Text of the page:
Muir Russell said: “have seen no evidence of any attempt to delete information in respect of a request already made”, because they were preemptively deleting the emails, knowing the wolves were closing in. Corporate executives who smell legal problems coming and delete emails get in big big trouble. I am beginning to get the concept of this “Sir Humphrey” thing–not having ever seen it on TV. I guess it was taken as a training manual by some?

    • ianl8888
      Posted Jul 7, 2010 at 11:42 PM | Permalink

      “Yes, Minister” is a truly brilliant piece set of English satire … all politicians and public (civil) servants constantly use the techniques so finely drawn in this classic TV show

      It is such a pity that the US and Canada do not much use razor-edge satire and don’t appear to place much value on it. I interact constantly with Canadians and Americans in my work, and always feel uncomfortable with their non-comprehension of satire. I have this uneasy feeling (which is incorrect) that they are a brick short of a full load

      The core truth here is that these “Inquiries” are designed to show how powerless informed criticism is, since it is practised by such a limited population. A Sir Humphrey staple.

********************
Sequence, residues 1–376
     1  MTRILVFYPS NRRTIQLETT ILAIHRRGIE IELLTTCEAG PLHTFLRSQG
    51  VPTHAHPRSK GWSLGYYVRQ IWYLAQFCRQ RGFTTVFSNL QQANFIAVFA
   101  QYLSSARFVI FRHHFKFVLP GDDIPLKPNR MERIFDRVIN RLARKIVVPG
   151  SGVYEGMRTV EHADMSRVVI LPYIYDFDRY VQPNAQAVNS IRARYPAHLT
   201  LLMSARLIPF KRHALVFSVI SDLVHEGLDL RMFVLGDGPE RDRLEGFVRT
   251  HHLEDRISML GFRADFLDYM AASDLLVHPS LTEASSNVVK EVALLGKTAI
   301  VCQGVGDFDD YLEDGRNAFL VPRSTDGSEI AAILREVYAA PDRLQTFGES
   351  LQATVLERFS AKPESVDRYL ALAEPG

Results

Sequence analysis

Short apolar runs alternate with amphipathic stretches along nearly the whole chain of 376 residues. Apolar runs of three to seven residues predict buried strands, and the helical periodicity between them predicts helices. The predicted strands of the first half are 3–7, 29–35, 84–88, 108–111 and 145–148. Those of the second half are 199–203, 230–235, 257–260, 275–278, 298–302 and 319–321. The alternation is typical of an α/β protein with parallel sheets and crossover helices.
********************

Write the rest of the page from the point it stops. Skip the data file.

• geronimo
      Posted Jul 8, 2010 at 1:29 AM | Permalink

      Craig, all the series are available on Amazon, get yourself a copy, it’s very funny, but mainly because it’s so close to the truth. Mrs. Thatcher used to complain that none of her cabinet colleagues were available to speak to her when the show was on, although I do believe she watched it herself. Every episode is loaded with gems, one that springs to mind is Sir Humphrey explaining, quite logically, to the hapless Jim Hacker why it was appropriate to have a fully staffed hospital with no patients.

      Watch them you’re in for a treat.

      • QBeamus
        Posted Jul 8, 2010 at 10:01 AM | Permalink

        My personal favorite is Sir Humphrey’s explanation to Bernard why they were supporting the EU, when Bernard thought (and Sir Humphrey had just confirmed) that British foreign policy called for a disunited Europe.